Diversifying Genomes Seminar
Written by Rachel Creager
Thanks to volunteer Rachel Creager for her writeup of our recent seminar!
On Friday, March 1, Rachel Sherman, a Ph.D. student at the Johns Hopkins University Center for Computational Biology, presented her work titled Diversifying Genomics: Identifying large variations in genomes of African ancestry individuals. Rachel discussed the history of the Human Genome Project and the race to produce the first full sequence of a human’s DNA. Because two organizations were racing to get publish the full genome before their competition, ~70% of the reference genome produced by the Human Genome Project is comprised of one individual.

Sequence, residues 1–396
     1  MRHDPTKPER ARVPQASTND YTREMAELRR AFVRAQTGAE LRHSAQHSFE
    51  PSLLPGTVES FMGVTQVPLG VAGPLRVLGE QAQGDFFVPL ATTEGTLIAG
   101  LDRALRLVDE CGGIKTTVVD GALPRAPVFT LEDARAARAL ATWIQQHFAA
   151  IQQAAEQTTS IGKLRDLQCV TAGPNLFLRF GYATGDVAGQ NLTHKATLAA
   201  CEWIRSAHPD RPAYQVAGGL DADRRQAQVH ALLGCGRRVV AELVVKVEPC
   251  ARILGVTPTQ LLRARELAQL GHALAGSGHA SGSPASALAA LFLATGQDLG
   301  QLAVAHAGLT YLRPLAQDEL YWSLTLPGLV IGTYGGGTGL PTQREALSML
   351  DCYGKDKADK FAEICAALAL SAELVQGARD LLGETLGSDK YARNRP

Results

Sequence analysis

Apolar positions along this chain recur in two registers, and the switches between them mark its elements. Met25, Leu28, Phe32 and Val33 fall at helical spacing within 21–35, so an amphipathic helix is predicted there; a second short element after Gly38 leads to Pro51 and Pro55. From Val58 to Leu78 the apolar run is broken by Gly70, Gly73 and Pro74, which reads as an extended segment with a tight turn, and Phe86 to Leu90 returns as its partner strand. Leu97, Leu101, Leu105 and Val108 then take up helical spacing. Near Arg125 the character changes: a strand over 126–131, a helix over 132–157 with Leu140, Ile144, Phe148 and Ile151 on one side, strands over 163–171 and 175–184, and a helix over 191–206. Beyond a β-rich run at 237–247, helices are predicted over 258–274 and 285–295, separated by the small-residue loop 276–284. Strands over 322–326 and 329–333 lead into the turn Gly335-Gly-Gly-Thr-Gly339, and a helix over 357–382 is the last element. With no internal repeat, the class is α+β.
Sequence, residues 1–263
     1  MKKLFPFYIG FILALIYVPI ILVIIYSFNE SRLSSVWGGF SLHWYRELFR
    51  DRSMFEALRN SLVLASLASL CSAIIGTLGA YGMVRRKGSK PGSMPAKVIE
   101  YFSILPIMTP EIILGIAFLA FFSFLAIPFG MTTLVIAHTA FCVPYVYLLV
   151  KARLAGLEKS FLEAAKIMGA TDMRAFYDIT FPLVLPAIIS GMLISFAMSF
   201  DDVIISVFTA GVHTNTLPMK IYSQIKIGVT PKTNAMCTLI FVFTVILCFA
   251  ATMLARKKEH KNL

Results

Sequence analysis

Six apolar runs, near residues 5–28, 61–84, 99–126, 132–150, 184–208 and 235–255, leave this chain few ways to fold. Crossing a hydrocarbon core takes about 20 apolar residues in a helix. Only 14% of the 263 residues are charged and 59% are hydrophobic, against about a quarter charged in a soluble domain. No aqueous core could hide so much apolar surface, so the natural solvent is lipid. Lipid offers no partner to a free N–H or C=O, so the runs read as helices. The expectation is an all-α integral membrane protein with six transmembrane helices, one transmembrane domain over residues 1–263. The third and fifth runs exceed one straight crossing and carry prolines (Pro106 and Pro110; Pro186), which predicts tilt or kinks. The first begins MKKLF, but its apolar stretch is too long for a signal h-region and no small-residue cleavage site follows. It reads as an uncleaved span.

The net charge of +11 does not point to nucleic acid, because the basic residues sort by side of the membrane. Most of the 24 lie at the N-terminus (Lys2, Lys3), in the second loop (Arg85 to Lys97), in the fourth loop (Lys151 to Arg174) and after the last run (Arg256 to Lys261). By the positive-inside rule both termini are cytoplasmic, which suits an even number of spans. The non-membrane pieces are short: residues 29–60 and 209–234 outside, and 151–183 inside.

Though humans are thought to be ~99.9% similar, the differences at the genomic level are the most interesting and important part. Therefore, when a new genomic sequence has been collected, the first step of the analysis process is to compare the DNA sequence to the reference genome. However, there are large leftover sequences that do not align to the reference genome and are thus thrown out. Rachel looked at those leftover sequences from a cohort of 900 individuals of African ancestry to see if any information could be collected from that “trash” data. After extensive analysis to ensure that those trash samples contained true human DNA, Rachel found over 125,000 distinct DNA sequences that were at least 1,000 base pairs in length. That is over 300 million base pairs or 10% of the current reference genome! On average, each individual in the cohort had 859 of these distinct long read insertions in their genome. Rachel concluded by asking if we are really ~99.9% similar with such long insertions that are just thrown out with the trash of genomic analysis. This mind-blowing conclusion led to a lot of excellent conversation among the attendees. Rachel’s lab is currently working on generating more reference genomes, to provide a better infrastructure for analysis of novel next generation sequencing data.